The team at the Max Planck Institute (MPI) was led by Alfred Holzwarth. His coworkers, Marc Mller and Chavdar Slavov, used lasers that sent out pulses of light lasting only 60 millionths of one billionth of a second to investigate the electron transfer processes in the two branches of PSI. This allowed them to look at extremely early events in the photosynthetic mechanism, events occurring in just a few picoseconds (a millionth of a millionth of a second), which is a time so short that a typical lattice atom could only execute a dozen oscillations on its lattice site.
This extremely sophisticated experiment and analysis required two years of laboratory effort from Rajiv Luthra, a graduate student in the Redding laboratory, to prepare a sample of sufficient purity to use. To interpret the observations, the researchers at the MPI had to develop a specific kinetic modeling approach that allowed them to estimate the individual electron transfer rates within the two branches. Comparison of mutants made in each branch with the non-mutant PSI was crucial to untangle these rates.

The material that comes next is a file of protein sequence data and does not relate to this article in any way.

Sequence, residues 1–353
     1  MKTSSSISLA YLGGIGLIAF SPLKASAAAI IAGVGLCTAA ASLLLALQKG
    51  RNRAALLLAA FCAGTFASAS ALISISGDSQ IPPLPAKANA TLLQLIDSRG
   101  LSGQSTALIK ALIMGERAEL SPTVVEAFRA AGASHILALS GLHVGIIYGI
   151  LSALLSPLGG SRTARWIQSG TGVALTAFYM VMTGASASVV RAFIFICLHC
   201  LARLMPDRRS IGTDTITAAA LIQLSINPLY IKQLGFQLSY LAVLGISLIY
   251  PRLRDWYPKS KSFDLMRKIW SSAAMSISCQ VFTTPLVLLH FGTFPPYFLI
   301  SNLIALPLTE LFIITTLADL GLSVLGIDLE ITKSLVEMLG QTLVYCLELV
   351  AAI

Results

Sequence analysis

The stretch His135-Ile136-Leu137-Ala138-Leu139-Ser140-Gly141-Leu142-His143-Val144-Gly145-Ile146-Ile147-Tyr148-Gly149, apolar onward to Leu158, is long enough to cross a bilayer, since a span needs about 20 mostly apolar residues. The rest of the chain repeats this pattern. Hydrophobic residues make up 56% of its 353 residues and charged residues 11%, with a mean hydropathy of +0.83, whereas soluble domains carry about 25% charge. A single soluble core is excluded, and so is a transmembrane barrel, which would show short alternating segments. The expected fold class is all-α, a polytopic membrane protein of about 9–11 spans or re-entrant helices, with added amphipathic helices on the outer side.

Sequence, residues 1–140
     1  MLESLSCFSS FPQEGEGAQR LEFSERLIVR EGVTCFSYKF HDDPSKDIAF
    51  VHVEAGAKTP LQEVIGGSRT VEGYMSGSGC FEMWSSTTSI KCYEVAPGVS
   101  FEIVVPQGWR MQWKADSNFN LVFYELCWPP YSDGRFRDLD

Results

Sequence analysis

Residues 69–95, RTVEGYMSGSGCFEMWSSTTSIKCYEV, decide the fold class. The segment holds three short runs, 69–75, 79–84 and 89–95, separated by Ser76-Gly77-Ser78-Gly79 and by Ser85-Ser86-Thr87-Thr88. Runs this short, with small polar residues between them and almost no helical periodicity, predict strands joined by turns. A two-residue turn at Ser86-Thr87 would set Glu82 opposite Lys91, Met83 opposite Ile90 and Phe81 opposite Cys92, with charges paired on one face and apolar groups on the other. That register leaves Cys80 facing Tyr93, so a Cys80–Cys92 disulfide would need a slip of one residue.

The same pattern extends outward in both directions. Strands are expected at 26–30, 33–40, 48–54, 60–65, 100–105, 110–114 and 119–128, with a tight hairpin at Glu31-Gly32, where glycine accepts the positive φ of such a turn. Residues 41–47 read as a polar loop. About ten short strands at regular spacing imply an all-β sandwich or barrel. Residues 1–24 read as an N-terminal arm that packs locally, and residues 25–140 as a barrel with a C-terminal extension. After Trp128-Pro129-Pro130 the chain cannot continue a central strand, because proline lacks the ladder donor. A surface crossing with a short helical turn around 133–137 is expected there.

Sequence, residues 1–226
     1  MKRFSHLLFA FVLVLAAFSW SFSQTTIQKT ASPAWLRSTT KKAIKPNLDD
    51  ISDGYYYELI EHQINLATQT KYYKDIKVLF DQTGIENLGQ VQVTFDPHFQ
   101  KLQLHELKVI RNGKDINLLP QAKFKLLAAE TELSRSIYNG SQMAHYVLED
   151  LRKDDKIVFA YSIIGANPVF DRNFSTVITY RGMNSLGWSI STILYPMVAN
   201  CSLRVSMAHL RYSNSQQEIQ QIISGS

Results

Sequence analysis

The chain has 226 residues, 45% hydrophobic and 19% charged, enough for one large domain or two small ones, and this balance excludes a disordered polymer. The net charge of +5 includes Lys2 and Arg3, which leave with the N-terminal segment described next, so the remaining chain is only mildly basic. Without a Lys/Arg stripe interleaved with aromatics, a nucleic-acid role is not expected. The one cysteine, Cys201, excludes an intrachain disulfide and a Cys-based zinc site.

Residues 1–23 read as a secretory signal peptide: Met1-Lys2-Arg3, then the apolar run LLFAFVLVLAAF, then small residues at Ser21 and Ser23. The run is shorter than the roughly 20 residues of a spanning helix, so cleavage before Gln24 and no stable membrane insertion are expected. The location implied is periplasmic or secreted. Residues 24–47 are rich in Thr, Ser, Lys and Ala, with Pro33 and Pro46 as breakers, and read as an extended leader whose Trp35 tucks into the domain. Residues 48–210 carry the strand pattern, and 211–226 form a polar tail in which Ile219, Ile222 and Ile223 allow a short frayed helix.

The current research is important for two separate reasons. Firstly, an understanding of how these complex processes work in Nature is crucial to future fundamental research in photosynthetic reaction centers, and this discovery may well be universal. Secondly, the use of two charge separation devices working cooperatively to maximize efficiency is a design theme that may well be applied in future efforts to create artificial photosynthetic devices.
Our society has urgent need of a renewable source of fuel that is widely distributed geographically, abundant, inexpensive, and environmentally clean. The use of solar energy to produce a clean fuel such as hydroge
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Arizona State University